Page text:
…while former workers sue over layoffs: A U.S. District Court rules that Tesla must inform recently laid off employees of a lawsuit that accuses the company of cheating them out of severance pay. The suit, filed by two former employees, says Tesla required employees to sign separation agreements that entitled them to only one week of severance. The suit alleges the company was required by federal law to provide eight weeks of pay.
Newsom v. Lyft: Even as he tries to position himself as a bold progressive champion, California Gov. Gavin Newsom is campaigning hard against a proposed new tax on the wealthy that would fund EV infrastructure and wildfire response. In a new TV ad, Newsom urges Californians to oppose Prop 30, which would levy an additional 1.75% tax on residents with incomes over $2 million a year. In the ad, Newsom seizes on the millions that Lyft has donated to the Prop 30 campaign. Faced with a state requirement to have a mostly electric fleet by 2030, Lyft wants the taxpayers to foot the bill for the necessary EV chargers, Newsom alleges. This position puts him at odds with many of his allies, including the state Democratic Party and environmental groups. Some speculate Newsom is worried that increasing taxes on the rich could prompt more wealthy Californians and business owners to relocate to Texas or Florida –– or at least feed the perception that the Golden State is hostile to “job creators.”
FTC sends warning signals to gig companies: The Federal Trade Commission adopts a 17-page policy statement committing the agency to protecting gig workers from a variety of abuses, including being misled by companies about their earning potential. The agency has already started developing rules requiring greater pay transparency from companies – and more rules could very well be on the way.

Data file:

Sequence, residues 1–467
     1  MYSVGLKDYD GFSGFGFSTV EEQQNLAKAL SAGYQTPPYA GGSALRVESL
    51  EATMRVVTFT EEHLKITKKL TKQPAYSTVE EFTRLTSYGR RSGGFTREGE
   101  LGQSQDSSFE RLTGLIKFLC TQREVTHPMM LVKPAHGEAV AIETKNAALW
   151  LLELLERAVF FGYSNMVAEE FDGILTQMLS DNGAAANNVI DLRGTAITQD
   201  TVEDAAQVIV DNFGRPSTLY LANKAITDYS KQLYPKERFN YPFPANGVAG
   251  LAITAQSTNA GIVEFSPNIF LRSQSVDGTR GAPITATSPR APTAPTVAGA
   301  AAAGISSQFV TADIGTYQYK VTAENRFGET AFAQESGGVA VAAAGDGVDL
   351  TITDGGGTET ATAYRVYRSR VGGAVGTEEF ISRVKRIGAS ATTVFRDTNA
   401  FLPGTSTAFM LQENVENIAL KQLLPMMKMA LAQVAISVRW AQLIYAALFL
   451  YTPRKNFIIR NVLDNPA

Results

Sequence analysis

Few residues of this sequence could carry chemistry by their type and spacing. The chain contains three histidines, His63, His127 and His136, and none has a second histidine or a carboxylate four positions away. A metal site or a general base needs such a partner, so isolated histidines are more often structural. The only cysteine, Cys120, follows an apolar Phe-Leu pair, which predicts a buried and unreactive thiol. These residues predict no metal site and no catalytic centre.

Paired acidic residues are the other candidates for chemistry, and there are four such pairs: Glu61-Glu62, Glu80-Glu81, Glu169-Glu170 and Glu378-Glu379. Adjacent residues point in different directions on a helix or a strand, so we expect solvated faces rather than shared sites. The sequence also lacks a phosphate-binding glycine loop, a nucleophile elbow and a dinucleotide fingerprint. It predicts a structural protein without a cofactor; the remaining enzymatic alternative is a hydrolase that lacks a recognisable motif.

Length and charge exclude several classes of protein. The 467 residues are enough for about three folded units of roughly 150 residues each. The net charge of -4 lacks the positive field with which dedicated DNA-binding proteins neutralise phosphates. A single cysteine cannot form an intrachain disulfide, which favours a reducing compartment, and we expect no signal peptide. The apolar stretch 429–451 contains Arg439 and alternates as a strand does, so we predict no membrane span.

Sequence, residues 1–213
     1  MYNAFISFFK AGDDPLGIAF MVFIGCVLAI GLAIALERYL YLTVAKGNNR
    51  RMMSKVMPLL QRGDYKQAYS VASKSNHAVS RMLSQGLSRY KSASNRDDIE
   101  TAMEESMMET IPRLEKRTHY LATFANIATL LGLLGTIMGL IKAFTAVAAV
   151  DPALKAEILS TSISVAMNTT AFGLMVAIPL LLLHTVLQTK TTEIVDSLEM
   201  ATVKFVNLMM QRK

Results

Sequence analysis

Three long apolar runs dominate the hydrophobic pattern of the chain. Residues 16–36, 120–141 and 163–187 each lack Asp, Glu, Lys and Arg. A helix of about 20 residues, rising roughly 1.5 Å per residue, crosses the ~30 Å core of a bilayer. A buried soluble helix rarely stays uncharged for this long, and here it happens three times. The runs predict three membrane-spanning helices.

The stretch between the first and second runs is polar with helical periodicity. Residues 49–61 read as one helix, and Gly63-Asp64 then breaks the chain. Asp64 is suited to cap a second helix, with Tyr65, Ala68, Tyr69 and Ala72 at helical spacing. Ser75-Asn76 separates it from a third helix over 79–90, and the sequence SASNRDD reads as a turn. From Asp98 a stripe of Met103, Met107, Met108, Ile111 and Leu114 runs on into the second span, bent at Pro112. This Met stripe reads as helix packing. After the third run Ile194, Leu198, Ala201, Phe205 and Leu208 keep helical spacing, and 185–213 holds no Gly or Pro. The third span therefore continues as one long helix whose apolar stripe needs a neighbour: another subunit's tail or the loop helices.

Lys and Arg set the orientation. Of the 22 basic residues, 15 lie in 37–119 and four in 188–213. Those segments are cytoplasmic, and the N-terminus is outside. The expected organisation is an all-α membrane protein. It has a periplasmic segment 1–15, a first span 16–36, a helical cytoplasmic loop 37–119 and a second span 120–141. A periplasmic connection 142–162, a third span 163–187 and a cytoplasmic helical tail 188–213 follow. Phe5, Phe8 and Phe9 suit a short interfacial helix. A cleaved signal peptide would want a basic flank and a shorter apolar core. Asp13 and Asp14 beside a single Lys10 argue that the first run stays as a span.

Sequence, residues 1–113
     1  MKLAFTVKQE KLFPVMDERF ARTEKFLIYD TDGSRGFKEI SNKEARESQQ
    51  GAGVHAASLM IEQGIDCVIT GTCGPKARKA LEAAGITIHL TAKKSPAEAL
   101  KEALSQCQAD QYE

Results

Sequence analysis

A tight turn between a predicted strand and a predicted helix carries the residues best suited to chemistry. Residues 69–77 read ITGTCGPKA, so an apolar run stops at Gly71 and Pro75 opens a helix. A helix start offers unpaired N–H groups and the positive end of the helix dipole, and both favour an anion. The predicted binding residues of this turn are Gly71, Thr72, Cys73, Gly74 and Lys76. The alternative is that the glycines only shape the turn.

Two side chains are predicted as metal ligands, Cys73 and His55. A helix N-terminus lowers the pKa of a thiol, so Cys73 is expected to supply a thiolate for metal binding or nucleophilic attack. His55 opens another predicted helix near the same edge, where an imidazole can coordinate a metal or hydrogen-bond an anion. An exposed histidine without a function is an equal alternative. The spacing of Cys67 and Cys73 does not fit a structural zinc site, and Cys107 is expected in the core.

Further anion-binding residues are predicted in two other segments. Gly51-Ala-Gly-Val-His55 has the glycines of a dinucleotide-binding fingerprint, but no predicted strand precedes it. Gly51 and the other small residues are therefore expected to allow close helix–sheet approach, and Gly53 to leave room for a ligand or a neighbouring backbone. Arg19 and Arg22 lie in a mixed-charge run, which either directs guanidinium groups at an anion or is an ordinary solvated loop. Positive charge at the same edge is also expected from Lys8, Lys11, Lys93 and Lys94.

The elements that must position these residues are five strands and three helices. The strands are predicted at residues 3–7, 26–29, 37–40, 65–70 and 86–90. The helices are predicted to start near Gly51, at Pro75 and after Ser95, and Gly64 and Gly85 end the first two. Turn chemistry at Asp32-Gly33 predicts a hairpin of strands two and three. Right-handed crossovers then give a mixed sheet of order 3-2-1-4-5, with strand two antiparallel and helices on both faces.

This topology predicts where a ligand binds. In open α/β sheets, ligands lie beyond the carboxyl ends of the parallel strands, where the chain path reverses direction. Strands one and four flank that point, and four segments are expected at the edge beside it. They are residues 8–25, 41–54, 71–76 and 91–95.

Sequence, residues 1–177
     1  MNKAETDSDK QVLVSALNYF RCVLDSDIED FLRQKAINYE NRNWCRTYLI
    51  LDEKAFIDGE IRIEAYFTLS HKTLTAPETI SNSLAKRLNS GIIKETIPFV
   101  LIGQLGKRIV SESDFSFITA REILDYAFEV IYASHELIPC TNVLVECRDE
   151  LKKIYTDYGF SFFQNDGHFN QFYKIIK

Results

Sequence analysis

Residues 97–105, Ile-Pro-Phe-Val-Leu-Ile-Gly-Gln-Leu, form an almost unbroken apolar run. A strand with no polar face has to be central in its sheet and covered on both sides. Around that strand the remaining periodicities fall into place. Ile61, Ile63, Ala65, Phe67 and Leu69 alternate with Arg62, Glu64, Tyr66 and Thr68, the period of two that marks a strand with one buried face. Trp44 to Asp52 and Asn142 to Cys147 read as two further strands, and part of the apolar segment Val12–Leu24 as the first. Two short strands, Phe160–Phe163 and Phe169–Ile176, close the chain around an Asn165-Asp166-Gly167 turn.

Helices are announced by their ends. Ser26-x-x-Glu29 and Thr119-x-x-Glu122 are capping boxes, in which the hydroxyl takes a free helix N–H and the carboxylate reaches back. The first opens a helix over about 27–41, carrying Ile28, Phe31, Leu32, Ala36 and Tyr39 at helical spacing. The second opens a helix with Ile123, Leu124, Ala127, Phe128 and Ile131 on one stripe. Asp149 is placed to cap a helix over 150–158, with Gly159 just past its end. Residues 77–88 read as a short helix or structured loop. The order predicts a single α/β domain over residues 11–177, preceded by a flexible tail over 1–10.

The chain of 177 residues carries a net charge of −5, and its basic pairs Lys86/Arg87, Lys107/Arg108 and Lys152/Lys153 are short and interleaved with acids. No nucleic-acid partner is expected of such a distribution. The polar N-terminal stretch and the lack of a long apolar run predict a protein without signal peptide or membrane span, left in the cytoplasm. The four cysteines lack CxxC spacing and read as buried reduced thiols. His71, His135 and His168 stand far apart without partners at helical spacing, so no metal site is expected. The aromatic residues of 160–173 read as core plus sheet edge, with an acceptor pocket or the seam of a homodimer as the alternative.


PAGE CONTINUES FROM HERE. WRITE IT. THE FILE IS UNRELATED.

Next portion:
Live/work like it’s the 17th century: Writing in Bloomberg CityLab, Max Zimmerman tells the history of Kyoto’s unique machiyas, 17th century townhouses that were built to have a shop or workspace in the front and living quarters in the back. Could machiyas offer lessons in integrating labor and life for the world’s increasingly remote workforce?
The push to monetize the curb: Also in CityLab, Allison Nicole Smith writes about the variety of platforms offering cities the chance to better-manage their curb space, reducing congestion and increasing revenue. It highlights San Francisco transportation data startup Populus and Austin-based Vade, which uses solar-powered cameras to collect key parking metrics.
Should we just settle for driver assistance? The New York Times notes that while many tech observers have had to dial back their predictions on the arrival of fully autonomous passenger vehicles, there are already many autonomous features in place that appear to make driving safer. Let’s build on the successes without getting ahead of ourselves.
Banning the internal combustion engine isn’t enough: While applauding California’s recent move to ban the sale of gas-powered cars by 2035, Wired’s Aarian Marshall says the Golden State won’t meet its ambitious climate targets unless it can get its residents to drive less. It needs to both invest in alternatives to driving and address the housing crisis that is pricing people out of walkable, transit-oriented neighborhoods.